Very often the best way to test an idea is not to analyze it but to try it. The organization that implements lots of ideas will most likely have many failures but the chances are, it will reap some mighty successes too. By trying numerous initiatives we improve our chances that one of them will be a star. As Tom Kelley of IDEO puts it, ‘Fail often to succeed sooner.’
Deborah Bull is the artistic Director at the Royal Opera House in London. She is keen to encourage small companies of artists to come out with mad ideas and to try them. She says, ‘We need to get away from the idea that everything has to be a hit at the box office and a hit with the critics. If everything we do succeeds, then we are failing, because it means we are not taking enough risks.’
Honda Motor Company entered the US market in 1959 with its range of low-powered motorcycles. It endured failure after failure as it learned the hard way that little motorcycles popular in the Tokyo suburbs were not well received on the wide open roads of the USA. They eventually brought out a range of high powered bikes that became very popular. Soichiro Honda, the founder of Honda said, ‘Many people dream of success. Success can only be achieved through repeated failure and introspection. Success represents the 1 per cent of your work that results from the 99 per cent that is called failure.’
What makes Silicon Valley so successful as the engine of high-tech growth? It is the Darwinian process of failure. Author Mike Malone puts it like this, ‘Outsiders think of Silicon Valley as a success, but it is, in truth, a graveyard. Failure is Silicon Valley’s greatest strength. Every failed product or enterprise is a lesson stored in the collective memory. We don’t stigmatize failure; we admire it. Venture Capitalists like to see a little failure in the résumés of entrepreneurs.’
In order to develop the concept of the benefits of failure, Penn State University has a course for engineering students called Failure 101. The students have to take risks and do experiments. The more failures they have, the sooner they can get an A grade!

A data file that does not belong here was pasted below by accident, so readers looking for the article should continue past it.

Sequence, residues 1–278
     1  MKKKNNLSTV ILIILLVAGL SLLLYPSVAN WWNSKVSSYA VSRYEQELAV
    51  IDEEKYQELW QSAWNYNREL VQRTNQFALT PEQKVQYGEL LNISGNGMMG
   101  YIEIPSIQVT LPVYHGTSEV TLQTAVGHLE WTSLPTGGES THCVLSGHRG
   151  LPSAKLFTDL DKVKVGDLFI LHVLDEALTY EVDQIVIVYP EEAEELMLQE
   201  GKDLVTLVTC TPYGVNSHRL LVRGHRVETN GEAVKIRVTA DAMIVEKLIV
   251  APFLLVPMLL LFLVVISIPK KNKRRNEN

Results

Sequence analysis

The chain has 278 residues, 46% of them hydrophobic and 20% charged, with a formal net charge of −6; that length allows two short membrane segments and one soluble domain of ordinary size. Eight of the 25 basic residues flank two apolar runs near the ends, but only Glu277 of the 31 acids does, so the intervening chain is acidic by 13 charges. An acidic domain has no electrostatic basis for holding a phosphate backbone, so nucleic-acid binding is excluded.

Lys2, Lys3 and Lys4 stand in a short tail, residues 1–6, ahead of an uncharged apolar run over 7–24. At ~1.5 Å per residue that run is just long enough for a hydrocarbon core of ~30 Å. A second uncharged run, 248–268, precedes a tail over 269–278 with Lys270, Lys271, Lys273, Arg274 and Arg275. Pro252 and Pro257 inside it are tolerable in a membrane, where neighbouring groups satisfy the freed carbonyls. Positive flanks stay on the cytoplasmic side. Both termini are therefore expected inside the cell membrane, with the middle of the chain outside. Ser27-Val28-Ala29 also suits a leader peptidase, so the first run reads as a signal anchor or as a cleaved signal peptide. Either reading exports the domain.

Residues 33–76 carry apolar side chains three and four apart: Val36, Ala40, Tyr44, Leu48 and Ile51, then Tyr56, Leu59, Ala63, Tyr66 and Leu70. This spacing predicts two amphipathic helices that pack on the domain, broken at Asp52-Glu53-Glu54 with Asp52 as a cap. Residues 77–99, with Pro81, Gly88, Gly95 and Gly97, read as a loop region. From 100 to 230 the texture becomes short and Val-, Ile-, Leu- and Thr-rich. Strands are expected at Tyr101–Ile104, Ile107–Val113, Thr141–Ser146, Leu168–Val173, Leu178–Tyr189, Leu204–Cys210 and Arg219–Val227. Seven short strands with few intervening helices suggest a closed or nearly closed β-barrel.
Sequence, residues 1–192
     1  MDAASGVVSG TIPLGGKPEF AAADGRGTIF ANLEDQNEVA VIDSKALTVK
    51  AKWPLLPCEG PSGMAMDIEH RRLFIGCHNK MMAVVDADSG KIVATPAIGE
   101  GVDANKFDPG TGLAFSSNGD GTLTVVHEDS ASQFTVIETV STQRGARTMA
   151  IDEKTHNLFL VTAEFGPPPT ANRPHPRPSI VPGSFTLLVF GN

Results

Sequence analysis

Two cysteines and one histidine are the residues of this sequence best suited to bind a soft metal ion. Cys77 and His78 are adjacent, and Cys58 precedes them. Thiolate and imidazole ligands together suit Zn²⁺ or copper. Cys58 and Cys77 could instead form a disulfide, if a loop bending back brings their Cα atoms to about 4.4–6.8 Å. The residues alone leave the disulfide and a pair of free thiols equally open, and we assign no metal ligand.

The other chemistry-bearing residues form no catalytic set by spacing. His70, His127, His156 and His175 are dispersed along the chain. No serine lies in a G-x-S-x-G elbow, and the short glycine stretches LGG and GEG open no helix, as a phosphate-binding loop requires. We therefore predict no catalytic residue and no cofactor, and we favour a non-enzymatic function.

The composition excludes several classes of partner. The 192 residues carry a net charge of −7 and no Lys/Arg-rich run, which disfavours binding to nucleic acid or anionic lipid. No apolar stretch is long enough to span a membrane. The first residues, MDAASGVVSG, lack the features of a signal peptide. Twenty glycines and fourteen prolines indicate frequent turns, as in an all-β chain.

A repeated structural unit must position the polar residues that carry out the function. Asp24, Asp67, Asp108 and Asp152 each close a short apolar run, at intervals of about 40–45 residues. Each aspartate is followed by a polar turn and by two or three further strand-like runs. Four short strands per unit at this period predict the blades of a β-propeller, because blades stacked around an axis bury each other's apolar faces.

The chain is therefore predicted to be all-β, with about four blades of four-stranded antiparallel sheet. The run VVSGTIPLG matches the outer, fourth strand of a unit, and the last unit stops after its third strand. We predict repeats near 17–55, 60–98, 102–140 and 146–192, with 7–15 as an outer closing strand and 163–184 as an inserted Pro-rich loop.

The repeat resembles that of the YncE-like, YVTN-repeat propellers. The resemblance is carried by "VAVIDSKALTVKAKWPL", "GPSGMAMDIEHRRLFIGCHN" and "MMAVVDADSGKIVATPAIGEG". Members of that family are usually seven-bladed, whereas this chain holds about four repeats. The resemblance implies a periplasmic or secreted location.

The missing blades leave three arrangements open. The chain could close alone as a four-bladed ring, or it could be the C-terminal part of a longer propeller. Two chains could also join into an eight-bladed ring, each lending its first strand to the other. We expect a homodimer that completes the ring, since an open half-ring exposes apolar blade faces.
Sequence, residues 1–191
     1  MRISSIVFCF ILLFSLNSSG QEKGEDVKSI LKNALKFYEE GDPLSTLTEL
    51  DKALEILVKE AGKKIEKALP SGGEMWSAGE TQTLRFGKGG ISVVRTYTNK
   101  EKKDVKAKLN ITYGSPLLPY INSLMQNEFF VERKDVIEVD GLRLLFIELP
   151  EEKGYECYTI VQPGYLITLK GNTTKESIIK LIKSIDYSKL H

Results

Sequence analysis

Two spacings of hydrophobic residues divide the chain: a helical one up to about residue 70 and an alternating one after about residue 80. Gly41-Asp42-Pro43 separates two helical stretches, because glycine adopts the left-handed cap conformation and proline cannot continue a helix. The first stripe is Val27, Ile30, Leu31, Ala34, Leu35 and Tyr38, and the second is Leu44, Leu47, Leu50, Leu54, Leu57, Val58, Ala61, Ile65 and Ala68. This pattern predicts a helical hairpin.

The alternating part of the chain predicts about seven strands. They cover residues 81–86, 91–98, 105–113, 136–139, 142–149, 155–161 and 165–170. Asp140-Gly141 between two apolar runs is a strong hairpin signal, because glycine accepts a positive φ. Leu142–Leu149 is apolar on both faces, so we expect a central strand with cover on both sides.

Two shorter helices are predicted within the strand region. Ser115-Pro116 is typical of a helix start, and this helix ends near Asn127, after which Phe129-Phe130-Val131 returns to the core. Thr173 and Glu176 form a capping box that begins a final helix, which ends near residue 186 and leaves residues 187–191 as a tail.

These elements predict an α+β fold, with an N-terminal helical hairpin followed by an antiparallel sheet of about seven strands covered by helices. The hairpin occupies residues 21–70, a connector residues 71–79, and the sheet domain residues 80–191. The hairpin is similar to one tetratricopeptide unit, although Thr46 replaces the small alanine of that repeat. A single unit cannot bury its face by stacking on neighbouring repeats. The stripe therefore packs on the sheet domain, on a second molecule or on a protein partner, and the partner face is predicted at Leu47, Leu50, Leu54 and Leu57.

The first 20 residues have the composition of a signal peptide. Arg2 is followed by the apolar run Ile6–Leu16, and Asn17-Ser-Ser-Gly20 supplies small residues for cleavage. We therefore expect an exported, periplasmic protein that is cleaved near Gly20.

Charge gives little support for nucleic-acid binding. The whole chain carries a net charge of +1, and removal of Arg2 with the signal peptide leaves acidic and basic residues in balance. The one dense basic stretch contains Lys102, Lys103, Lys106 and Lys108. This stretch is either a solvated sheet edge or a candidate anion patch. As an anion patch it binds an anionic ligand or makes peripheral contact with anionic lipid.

Many great successes started out as failures. Columbus failed when he set out to find a new route to India. He found America instead (and because he thought it was India he called the natives “Indians”). Champagne was invented by a monk called Dom Perignon when a bottle of wine accidentally had a secondary fermentation. 3M invented glue that was a failure – it did not stick. But it became the basis for the Post-it note, which was a huge success.
Tips for succeeding through failure:
- Recognise and communicate that when you give people freedom to succeed, you give them freedom to fail too.
- Distinguish between two kinds of failure – honourable failure where an honest attempt at something new or different has been tried unsuccessfully and incompetent failure where people fail for lack of effort or competence in standard operations.
- Make sure people know that honourable failures will not be criticized.
- Get people to admit to or even boast about failures they have had where they tried something innovative that did not succeed. Make these into learning experiences.
- In a culture that is very risk averse and keen to apportion blame take the issue head on by rewarding honourable failures. Publicly praise and reward those who have had them.
Even if the failure does not lead directly to a success it can be seen as a step along the way. Edison’s attitude to ‘failure’ is salutary. When asked why so many of his experiments failed he explained that they were not failures. Each time he had discovered a method that did not work.
The innovative leader encourages a culture of experimentation. You must teach people that each failure is a step along the road to success. To be truly agile, you must give people the freedom to innovate, the freedom to experiment, the freedom to succeed. That means you must give them the freedom to fail too.
Featured photo credit: Joshua Hoehne via unsplash.com